New Digital U.S. Army Combat Uniform eliminates Black in pattern.

by Guy Cramer

The U.S. Army used the U.S. Marines digital MARPAT as a base pattern for their Army Combat Uniform (ACU) and removed black for their ACUPAT (pattern). 

Removal of Black in U.S. Army camouflage:

Black is no longer useful on the uniform because it is not a color commonly found in nature. The drawback to black is that its color immediately catches the eye” said Sgt. 1st Class Jeff Myhre, the Clothing and Individual Equipment noncommissioned officer in charge.

 

Lack of Black in nature - common misconception

In speaking from the experience of having designed over 200 distinct digital patterns for Government and Defense contractors since 1998, color can make or break a pattern. While Sergeant Myhre is correct in stating that black is not a natural occurring color, it is a color that the brain sees as depth. In experimenting with grays in place of black we saw a critical loss in depth of our patterns.

Look at most environments up close and there is little if any black, now look at the same environment from a distance of 100 yards and you will note that shading, shadows and distance combine to make these area look black or close to black. Take a digital picture of the same environment, open the picture as a gif and look at the palate that was created; darks and black appear as the program recognized these colors in the picture. It is not just an illusion; these are the colors the brain sees although they aren’t actually there at the source. Distance from an object and combined shadows create perceived dark zones. Now in a thick-forested area if you paint a tree trunk black and look at it from 20 feet away, it does catch your eye. Now move back 100 yards and the trunk begins to blend with the rest of them. On the RGB (Red / Green / Blue) scale anything below 30 / 30 / 30 is perceived as black from a distance

Picture on Left (below)is the original unveiling of the new ACU. Same picture on right with RGB black zones, as determined by our program, highlighted in yellow. (note the vest worn is in current Army woodland pattern with black)

I recently had the privilege to digitize the Tiger Stripe pattern for Tiger Stripe Products. Tiger Stripe has dark regions in about 50% of the pattern; this helps to trick the brain into seeing through those dark regions as it does in natural areas.

The Canadian Military came out with a new digital pixilated pattern in the 1990’s called CADPAT which brought the acclaim from NATO in field testing. The U.S. Marines followed suit a few years later with a similar digital pattern called MARPAT, just beating Tiger Stripe, which placed second in the Marines field-testing, which started with over 100 patterns.

Tiger Stripe was initially used in the jungles of Vietnam by U.S. Special Forces and is now over 30 years old and still being used. Digitizing Tiger Stripe was an obvious evolution of that pattern. If it came second to MARPAT without the digital pixels then adding them should improve the concealment factor. It worked but pixelating a pattern is still just the first generation of digital camouflage, using proprietary methods we can add an element of depth and fractals (feedback loops) within the pattern providing second and third generation digital camouflage so we have vastly improved Tiger Stripe with Tigerpat (Pictured right), currently we are prototyping with Tigerpat Enhanced and Tigerpat Pro.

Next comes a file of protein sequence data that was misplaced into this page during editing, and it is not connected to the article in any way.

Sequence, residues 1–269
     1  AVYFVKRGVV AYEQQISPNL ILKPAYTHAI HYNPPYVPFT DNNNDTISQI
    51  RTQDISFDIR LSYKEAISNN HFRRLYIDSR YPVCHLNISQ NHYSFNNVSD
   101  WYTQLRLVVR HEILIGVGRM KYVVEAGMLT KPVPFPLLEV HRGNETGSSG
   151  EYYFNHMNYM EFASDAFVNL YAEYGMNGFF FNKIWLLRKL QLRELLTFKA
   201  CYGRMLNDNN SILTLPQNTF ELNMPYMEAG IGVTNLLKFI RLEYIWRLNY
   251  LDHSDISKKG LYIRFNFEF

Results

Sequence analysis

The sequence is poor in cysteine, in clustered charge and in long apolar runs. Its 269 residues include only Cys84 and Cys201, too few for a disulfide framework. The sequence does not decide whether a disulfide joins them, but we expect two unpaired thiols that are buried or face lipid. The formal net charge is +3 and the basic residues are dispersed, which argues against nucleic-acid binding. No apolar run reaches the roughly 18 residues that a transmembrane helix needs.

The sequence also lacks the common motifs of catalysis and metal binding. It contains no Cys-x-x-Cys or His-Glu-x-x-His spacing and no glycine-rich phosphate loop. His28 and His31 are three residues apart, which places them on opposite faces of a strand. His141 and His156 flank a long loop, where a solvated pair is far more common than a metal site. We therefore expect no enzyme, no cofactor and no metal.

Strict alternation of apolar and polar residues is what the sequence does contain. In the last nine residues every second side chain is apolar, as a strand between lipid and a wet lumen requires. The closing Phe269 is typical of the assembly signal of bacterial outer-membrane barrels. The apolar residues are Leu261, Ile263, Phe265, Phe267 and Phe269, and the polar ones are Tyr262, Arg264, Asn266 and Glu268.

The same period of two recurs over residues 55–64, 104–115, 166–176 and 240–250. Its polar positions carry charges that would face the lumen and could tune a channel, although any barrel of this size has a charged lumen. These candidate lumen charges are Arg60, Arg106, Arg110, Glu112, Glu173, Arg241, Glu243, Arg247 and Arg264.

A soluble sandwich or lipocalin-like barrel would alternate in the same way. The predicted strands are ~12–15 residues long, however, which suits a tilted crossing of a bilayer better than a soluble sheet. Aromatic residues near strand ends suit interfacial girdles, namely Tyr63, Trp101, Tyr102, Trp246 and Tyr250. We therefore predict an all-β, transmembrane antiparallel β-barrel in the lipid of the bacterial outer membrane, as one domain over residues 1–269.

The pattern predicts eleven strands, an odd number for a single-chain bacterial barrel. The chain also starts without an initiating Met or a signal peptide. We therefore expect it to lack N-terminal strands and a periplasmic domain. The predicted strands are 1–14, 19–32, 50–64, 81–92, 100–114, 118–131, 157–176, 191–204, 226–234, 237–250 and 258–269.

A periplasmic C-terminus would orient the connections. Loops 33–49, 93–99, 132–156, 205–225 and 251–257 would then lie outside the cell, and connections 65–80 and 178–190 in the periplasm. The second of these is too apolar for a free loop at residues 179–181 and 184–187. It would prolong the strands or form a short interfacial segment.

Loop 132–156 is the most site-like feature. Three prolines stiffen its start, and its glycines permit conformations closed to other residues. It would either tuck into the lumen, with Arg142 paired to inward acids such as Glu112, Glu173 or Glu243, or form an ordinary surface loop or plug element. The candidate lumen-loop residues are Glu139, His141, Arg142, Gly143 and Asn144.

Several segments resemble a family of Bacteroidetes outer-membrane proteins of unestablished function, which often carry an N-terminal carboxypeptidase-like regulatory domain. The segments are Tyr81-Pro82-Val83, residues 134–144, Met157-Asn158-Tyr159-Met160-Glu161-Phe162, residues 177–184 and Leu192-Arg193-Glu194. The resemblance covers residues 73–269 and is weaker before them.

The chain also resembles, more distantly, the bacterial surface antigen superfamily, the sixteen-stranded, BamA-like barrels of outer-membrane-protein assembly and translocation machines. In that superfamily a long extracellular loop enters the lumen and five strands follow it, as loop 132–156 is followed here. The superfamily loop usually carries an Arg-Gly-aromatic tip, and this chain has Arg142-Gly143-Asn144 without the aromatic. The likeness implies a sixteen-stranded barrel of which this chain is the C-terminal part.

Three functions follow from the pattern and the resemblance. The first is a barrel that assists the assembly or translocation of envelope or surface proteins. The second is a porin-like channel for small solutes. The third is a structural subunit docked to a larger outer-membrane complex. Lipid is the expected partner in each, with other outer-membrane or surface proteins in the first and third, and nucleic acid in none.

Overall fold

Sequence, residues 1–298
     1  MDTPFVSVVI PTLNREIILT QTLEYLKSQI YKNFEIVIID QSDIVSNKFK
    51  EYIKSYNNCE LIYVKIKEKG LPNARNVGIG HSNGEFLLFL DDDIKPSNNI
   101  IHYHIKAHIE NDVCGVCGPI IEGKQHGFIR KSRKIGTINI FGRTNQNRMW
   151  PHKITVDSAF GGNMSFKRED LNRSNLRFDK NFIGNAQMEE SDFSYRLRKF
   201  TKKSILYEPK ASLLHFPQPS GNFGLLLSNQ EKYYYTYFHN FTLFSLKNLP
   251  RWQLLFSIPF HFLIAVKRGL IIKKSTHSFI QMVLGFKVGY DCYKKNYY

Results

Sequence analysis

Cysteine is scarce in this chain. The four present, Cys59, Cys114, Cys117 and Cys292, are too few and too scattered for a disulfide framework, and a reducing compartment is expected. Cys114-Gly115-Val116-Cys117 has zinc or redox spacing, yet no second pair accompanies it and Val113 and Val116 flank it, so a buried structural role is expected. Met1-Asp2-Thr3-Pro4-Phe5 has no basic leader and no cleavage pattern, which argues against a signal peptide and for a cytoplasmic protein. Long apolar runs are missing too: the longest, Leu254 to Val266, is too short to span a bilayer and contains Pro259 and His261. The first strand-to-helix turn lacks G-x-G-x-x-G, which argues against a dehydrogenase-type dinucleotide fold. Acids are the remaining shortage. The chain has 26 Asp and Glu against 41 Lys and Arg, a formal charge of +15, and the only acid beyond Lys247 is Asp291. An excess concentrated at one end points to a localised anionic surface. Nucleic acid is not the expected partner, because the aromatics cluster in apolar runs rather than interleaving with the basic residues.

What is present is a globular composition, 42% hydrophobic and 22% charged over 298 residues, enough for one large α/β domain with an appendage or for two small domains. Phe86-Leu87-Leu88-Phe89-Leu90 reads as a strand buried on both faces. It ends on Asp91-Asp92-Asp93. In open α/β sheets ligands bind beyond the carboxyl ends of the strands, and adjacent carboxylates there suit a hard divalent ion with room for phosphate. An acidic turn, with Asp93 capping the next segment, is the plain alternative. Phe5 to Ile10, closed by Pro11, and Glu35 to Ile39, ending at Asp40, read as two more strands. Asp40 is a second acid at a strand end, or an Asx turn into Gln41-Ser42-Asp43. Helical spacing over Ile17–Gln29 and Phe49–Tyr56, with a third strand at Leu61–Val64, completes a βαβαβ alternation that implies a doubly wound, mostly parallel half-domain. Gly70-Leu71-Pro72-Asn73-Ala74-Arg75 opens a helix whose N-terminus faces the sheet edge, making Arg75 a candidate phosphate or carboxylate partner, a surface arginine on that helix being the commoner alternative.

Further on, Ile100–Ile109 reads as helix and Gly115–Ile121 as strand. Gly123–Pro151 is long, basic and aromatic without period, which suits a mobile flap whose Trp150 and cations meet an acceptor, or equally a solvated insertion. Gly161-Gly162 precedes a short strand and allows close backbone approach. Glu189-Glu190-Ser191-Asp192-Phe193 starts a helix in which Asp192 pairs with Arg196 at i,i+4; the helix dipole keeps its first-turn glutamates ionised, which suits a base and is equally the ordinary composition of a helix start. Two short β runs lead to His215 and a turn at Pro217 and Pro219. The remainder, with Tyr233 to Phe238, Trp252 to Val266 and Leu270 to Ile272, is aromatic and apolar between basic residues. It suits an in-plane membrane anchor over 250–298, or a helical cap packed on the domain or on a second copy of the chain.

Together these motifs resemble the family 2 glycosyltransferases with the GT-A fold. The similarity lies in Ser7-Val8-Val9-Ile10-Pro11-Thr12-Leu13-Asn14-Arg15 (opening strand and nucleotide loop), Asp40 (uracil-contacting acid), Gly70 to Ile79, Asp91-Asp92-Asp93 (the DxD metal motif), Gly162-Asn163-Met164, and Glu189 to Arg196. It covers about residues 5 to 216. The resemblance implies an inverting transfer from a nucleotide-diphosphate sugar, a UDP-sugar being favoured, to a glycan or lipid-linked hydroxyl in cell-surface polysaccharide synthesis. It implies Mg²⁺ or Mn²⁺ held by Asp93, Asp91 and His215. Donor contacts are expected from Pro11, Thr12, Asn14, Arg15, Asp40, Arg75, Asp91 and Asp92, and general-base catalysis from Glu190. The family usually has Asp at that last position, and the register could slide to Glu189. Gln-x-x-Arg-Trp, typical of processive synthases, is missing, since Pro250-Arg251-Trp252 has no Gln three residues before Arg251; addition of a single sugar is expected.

In a desert setting there are not going to be a great deal of shadows so large amounts of black is not useful in this pattern color and browns are used in place of black. In urban environments, there is more shadows so some element of black should be used as one of the smaller used colors. In Forest – Temperate areas where trees are predominant multiple shading and shadows lend to black as a color that will blend the uniform as the eye interprets those areas as shadows or holes to break the silhouette of the object that we are trying to conceal.

 ACUPAT is one color scheme for Desert / Urban / Woodland. it is not going to be the best in any particular environment when competing with specifically designed patterns with color schemes for that area, it does offer the Army rapid deployment options without retrofitting personnel with extra uniforms. Eliminating the color black may have to be revisited and adding it or a dark gray into new ACUPAT is a simple change.

Guy Cramer, President, HyperStealth® Biotechnology Corp.

For more Camouflage news go to the HyperStealth® Home Page

Further information on the subject of digital Camouflage go here: Fracture Camouflage™ Frequently Asked Questions

HyperStealth® CADPAT MARPAT Camouflage Review


References:

Army gets new combat uniform http://www4.army.mil/news/article.php?story=6042

New TIGERPAT ™ Camouflage (Digital Tiger Stripe Pattern) http://www.tspcamo.com/sys-tmpl/newdigitaltigerstripe/

CONTACT INFORMATION

HyperStealth® Biotechnology Corp.

P.O. Box 21134 Maple Ridge Sq. Maple Ridge, B.C., V2X 1P7

Phone: (604) 466-7072

Email: info@hyperstealth.com 

"HyperStealth®" is a registered Trademark of HyperStealth® Biotechnology Corp. All Rights Reserved.

HyperStealth® is a registered Canadian Trademark.

CADPAT is a Trademark of the Canadian Government

MARPAT is a Trademark of the U.S. Marine Corps

ACUPAT is a Trademark of the U.S. Army

Tigerpat is a Trademark of Tiger Stripe Products                                                                                          

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This page and information © Copyright 2004,Guy Cramer, All Rights Reserved.

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